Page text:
Monday, 21 April 2014

Weighing your words

After a recommendation from Nina Simon, who's been using it to write interpretative material for the Santa Cruz Museum of Art and History, I've been giving the online writing app Hemingway a whirl.

Hemingway is designed to give you live feedback on your writing, aiming for clarity and comprehension. It calls out uses of the passive voice, adverbs, unnecessarily complicated words (I kept using 'accompanies' instead of 'goes with' and it didn't like that) and long or complex sentences.

Hemingway sits in judgement on the text of my talk on Ben Cauchi and social photography

You can type directly into the app in your browser window, or copy and paste text in. I found it occasionally had trouble dealing with larger chunks of text (more than a few hundred words) but overall, it made me more mindful than usual while writing.

I've been testing the app on funding applications and proposal documents - places where a forced regard for clarity and brevity are useful. I also found that the novelty of the app induced a level of focus that I'd been lacking. (That might well wear off.)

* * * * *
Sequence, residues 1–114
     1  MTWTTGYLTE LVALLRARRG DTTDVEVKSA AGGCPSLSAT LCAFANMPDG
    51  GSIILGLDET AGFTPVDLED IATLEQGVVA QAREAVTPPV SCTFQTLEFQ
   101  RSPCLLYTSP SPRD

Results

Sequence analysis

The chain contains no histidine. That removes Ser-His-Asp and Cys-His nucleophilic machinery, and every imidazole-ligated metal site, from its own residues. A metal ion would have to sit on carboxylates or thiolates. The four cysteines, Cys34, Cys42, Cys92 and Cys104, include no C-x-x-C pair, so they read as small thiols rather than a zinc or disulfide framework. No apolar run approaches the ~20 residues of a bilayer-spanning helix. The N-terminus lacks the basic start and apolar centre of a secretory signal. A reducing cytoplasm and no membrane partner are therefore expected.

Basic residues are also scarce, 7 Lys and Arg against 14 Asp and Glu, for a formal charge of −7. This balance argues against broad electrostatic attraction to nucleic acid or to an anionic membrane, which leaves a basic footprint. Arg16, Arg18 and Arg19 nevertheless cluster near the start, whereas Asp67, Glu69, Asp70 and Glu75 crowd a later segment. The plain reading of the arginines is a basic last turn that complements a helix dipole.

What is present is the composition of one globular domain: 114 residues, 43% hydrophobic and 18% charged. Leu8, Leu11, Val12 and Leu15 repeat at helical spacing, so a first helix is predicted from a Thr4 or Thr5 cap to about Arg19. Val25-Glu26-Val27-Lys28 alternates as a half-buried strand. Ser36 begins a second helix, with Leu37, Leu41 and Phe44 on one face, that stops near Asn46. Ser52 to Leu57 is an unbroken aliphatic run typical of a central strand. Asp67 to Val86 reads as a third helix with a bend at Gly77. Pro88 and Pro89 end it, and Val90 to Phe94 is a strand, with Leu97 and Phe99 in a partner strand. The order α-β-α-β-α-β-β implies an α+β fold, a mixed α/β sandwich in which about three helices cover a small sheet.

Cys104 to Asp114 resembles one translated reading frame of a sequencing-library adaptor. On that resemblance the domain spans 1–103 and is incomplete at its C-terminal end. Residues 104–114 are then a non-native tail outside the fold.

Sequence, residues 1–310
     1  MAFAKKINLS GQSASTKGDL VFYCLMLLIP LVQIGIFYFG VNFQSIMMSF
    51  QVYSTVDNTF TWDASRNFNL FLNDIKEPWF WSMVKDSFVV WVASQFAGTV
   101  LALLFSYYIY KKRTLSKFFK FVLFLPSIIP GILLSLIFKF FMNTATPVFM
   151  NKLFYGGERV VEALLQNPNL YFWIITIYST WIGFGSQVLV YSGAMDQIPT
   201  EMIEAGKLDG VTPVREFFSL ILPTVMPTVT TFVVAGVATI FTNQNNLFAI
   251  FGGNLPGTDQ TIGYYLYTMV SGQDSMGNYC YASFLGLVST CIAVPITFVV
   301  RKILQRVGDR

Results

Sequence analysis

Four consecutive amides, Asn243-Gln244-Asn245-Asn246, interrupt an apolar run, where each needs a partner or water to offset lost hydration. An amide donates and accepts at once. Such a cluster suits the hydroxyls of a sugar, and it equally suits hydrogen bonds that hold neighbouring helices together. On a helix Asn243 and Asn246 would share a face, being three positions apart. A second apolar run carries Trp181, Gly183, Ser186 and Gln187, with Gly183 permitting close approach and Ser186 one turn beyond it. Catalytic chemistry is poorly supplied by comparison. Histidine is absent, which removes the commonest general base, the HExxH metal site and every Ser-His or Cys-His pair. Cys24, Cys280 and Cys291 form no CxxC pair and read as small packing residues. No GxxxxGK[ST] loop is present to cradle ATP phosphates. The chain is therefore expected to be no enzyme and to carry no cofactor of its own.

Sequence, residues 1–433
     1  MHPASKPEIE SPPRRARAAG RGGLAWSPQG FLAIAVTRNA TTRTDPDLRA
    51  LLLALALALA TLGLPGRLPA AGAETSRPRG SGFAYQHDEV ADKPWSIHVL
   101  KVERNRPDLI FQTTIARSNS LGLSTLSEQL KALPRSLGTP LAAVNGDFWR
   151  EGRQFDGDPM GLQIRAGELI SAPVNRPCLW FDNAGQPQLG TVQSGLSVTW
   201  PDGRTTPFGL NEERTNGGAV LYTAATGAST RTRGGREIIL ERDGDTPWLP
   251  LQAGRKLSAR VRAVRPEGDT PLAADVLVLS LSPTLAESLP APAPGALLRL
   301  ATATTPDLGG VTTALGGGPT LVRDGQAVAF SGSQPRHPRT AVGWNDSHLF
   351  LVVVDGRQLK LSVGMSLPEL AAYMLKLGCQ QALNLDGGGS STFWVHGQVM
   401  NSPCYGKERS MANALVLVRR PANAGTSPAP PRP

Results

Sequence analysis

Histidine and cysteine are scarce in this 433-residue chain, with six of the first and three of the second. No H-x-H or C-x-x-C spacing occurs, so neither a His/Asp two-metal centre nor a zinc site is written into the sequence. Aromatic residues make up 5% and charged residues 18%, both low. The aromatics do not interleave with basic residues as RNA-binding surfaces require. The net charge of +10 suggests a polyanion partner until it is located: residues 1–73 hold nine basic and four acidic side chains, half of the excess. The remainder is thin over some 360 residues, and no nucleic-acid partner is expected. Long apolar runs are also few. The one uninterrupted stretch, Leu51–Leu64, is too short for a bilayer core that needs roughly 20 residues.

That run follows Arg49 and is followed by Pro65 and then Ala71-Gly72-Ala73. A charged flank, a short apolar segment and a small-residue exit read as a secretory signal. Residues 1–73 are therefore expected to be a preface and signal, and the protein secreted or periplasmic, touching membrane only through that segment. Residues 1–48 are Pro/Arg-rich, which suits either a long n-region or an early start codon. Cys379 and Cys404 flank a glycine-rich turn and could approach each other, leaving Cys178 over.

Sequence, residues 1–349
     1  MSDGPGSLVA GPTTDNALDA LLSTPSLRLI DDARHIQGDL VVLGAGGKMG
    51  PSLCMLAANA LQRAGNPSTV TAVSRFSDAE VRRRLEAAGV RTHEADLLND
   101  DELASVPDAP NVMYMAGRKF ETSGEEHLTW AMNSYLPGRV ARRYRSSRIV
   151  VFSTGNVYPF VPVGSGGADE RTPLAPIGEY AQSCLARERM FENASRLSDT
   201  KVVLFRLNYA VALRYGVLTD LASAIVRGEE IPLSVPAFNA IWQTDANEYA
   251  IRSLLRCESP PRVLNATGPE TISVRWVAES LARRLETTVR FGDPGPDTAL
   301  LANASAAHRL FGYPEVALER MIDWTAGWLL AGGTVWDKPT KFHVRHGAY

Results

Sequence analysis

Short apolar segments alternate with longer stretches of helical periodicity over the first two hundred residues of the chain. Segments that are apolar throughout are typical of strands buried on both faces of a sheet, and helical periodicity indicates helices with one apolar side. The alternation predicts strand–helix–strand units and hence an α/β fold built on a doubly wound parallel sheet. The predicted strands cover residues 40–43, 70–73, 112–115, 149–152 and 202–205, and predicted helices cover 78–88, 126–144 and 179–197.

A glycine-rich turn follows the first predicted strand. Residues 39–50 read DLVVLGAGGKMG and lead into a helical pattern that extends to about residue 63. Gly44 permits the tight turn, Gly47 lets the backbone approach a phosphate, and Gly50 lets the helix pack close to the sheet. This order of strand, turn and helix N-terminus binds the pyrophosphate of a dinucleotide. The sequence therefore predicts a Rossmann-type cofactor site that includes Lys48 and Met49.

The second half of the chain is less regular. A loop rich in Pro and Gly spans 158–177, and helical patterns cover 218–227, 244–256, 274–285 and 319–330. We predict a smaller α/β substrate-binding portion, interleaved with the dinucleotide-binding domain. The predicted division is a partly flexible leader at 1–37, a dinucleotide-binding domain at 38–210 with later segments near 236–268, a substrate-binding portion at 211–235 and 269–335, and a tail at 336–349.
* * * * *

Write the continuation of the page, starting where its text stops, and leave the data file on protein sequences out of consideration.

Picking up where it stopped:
Of course, Hemingway won't work for everything. When I was working at the National Library as a web editor, I wrote an essay for Te Papa's Rita Angus publication. I was so fixated at the time on Plain English and all the conventions of writing online that I couldn't summon up the juiciness needed for good art writing. One person who I got to review my text described it as 'anorexic'. The thing I perhaps like most about Hemingway is that you can judiciously choose to ignore its advice, and embrace your darlings instead.

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